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ClearGov Jumps Into Government Budgeting Software, Bringing AI with It

ClearGov Budgets hopes to wean small governments off spreadsheets.

Massachusetts-based startup ClearGov has announced a new budgeting tool for small governments and school districts to better forecast revenue and expenses, communicate between departments and document the process in case of an audit.

Building on the company’s past data platforms for comparing small and mid-sized public agencies, ClearGov Budgets is essentially an online portal for creating and sharing budgets. This puts it in competitive territory already occupied by companies such as OpenGov, Questica (now part of GTY Holdings) and Neubrain.

ClearGov CEO Chris Bullock said the platform was inspired by what he heard from clients who wanted to simplify, visualize and update their fiscal planning processes. With an Excel spreadsheet, he said, it can be difficult for outside parties like city council members to participate or see how the budget evolved over time.

In addition to improving communications and documentation, the new platform is supposed to reduce the potential for human errors that occur when people collaborate on something as complex as an annual budget across multiple spreadsheets.

“We started talking to [officials] about their budget processes, and it became very clear that budgeting was one of the most, if not the most, painful processes that any town or school district goes through. And a large majority seemed to be stuck in spreadsheets,” Bullock said. “There are two problems with that: one, there are transcription errors, often versioning issues as well, and two, from the perspective of the department head, there’s very little transparency into the budget thereafter. They submit their numbers to the finance team, and it’s difficult for them to track changes to their budget over time.”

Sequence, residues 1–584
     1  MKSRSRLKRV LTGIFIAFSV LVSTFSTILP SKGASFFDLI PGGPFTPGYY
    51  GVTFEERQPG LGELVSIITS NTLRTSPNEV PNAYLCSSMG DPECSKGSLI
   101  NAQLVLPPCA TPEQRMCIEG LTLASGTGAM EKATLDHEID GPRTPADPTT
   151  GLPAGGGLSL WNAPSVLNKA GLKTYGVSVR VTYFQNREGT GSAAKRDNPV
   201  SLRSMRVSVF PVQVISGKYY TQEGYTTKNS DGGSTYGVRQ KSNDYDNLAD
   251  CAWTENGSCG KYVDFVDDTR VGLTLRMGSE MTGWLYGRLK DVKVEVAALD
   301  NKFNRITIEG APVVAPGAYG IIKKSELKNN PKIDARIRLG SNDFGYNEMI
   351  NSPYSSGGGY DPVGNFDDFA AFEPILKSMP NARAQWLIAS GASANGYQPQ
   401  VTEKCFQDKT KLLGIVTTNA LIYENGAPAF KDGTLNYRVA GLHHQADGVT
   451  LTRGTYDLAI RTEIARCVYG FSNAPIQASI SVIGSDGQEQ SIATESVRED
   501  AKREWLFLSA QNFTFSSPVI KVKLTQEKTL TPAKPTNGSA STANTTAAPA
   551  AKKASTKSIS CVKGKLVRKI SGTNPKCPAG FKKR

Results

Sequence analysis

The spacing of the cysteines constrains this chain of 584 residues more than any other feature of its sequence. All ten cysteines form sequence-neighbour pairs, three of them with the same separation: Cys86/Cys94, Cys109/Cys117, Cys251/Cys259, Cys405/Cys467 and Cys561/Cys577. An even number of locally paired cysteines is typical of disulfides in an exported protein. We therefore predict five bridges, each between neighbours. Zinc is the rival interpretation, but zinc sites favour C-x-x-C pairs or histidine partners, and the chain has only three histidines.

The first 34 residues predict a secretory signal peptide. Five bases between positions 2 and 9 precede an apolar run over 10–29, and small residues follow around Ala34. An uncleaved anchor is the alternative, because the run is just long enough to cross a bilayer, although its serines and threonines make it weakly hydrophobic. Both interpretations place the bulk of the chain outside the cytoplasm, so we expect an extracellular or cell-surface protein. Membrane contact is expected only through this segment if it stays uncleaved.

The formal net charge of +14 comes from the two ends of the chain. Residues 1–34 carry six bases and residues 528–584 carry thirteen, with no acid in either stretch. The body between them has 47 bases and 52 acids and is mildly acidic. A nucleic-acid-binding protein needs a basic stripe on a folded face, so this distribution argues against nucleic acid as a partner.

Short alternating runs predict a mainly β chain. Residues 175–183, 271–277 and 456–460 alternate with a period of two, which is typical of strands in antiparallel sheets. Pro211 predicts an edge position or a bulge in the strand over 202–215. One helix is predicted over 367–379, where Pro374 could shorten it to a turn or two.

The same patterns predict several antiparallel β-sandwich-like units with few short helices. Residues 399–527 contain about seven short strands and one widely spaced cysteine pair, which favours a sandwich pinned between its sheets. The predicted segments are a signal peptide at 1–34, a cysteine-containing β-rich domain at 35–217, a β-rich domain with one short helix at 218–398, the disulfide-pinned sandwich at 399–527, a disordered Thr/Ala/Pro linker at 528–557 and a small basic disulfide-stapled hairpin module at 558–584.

Streamlining communications is not a replacement for in-person meetings and hearings, he said, but the platform helps put everyone on the same page while creating a thorough record of their decisions.

“A lot of those conversations happen behind closed doors and there’s no record of them,” Bullock said. “Here, they’re having those conversations within the platform, and it’s giving a digital audit trail that can be exported at any time.”

A news release from the company touted another feature — a forecasting tool for estimating future expenses and revenues, one that uses a form of artificial intelligence called a Long Short-Term Memory (LSTM) recurrent neural network for making complex predictions from small data sets. Bullock said with this technology, specifically building upon the Keras neural network as the framework, ClearGov Budgets can predict funding and expenditures per line item, even where available data is inconsistent.

“The more advanced regression analysis we’re doing through neural networks allows us to overcome that lack of data. It uses some pretty sophisticated artificial intelligence to make more accurate forecasts,” he said. “We’re dealing with small to mid-sized governments that just don’t have the staff or the resources to do [those analyses otherwise].”

Bullock added that a more detailed budget forecast can drive better bond ratings, too.

Andrew Westrope is managing editor of the Center for Digital Education. Before that, he was a staff writer for Government Technology, and previously was a reporter and editor at community newspapers. He has a bachelor’s degree in physiology from Michigan State University and lives in Northern California.